below this rooftop entrance.
It doesn't give much away.
-Quite an interesting introduction to a property.
Oh, this is an amazing datum, isn't it, that's set up by the top of this house to claim these mountains.
-Piers, Piers, Piers. What's a datum?
A simple horizontal line that claims this view.
Or is it for parking?
Well, it probably does something like that as well, but... LAUGHTER
Yeah, I think this is the front door.
And we're at the top of what looks like a four-storey house.
You can hardly tell there's a house here at all, really.
No, no. Just that datum! LAUGHTER
And then down into this extraordinary stairwell.
Well, it feels quite Moorish, actually,
just this slot cut into the building with these stairs that bring you down.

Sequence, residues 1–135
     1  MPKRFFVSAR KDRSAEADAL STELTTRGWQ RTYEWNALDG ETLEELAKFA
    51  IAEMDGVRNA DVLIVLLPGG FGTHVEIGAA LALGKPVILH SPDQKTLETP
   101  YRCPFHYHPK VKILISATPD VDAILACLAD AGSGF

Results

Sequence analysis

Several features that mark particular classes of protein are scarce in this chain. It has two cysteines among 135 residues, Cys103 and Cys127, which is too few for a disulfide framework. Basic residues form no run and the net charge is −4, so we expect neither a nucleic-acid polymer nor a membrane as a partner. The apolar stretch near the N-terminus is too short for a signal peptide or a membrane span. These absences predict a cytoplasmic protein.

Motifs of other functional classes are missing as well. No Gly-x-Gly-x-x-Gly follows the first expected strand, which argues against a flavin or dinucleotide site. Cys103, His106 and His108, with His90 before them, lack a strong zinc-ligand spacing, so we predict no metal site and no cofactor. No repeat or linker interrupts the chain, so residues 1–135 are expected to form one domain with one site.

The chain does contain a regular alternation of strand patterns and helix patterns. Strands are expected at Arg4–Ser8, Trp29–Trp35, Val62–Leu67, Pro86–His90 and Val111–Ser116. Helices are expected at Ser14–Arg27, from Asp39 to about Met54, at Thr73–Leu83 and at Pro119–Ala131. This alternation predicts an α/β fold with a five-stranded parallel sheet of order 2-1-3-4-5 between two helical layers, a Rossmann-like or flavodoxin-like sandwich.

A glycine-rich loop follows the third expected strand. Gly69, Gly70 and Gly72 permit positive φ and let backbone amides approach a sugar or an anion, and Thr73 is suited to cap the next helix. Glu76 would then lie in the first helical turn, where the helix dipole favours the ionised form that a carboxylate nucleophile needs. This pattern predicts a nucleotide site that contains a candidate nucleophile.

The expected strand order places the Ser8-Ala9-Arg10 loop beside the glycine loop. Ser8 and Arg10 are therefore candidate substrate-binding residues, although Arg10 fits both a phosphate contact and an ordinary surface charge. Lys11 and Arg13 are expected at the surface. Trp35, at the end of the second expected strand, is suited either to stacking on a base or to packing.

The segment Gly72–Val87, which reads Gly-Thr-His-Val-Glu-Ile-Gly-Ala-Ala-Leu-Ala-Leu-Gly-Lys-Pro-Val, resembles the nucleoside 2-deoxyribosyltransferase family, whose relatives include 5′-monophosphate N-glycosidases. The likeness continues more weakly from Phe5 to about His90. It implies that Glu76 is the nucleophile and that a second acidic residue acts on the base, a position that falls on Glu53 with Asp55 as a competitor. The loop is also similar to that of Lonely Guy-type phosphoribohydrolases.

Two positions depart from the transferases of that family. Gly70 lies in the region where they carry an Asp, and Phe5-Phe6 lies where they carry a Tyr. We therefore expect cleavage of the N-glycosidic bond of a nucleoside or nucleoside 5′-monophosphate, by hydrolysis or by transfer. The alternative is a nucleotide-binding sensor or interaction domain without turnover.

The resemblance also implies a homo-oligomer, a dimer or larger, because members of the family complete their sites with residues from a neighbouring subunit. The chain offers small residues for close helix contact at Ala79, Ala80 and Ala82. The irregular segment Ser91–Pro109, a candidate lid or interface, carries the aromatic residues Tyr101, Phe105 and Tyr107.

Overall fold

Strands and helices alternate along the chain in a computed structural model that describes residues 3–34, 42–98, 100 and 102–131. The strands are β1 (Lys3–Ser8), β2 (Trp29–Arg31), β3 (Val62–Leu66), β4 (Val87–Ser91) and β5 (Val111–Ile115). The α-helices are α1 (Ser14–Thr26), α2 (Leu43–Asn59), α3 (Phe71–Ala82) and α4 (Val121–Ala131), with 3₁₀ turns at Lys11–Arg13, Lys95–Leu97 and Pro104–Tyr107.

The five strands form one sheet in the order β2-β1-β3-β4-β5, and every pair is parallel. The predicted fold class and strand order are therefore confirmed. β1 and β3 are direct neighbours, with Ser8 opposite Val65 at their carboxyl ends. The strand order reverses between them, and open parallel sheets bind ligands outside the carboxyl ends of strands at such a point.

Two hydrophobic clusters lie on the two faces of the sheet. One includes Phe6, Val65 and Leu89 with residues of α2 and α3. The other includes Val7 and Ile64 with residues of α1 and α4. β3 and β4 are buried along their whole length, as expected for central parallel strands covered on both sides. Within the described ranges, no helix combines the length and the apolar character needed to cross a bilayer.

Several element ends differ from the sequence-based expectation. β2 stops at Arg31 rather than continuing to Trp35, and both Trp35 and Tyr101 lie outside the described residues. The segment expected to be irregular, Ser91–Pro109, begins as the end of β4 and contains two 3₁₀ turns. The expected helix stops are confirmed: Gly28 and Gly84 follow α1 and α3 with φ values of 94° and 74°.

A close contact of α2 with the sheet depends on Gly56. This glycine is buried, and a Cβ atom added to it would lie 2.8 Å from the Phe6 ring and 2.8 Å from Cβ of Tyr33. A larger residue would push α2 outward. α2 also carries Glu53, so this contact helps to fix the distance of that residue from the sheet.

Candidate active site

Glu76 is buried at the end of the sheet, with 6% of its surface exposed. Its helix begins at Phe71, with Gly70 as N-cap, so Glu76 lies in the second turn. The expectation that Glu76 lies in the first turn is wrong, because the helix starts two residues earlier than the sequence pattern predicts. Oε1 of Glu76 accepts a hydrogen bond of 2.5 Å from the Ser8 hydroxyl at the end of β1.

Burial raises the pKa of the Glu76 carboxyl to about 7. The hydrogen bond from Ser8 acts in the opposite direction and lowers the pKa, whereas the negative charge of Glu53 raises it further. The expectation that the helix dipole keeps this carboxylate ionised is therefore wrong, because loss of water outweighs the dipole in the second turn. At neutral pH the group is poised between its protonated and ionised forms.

No parapets, just this and the sky.
You could be in Marrakech.
This house is a monumental mass of cast concrete,
towering over the water.
Concrete was chosen to reflect the local stone,
then punctured on all sides by differently sized windows that take
in spectacular views.
But the real beauty of this design is that it manages to be fairly
low-key, so it doesn't dominate its neighbours.
Like it, like it so far, enormously.
And the rough-hewn quality of these walls...
-Yeah, so when it's going off,
they fire stuff into it to take off the top layer and expose the
aggregate. It's about picking up on this whole sense of this bit of
Switzerland being about stone.
The design for this concrete house was ambitious in the extreme.
It had to cling to the side of a steep cliff, on a narrow plot,
surrounded by existing buildings.
The architects created a home full of light,
built around a large courtyard,
with a generous kitchen and dining room on the top floor.
Beneath that lies an open-plan living area.
The lower two floors contain bedrooms,
plus a fitness suite and a cinema.
Two paths lead to a garden terrace and pool.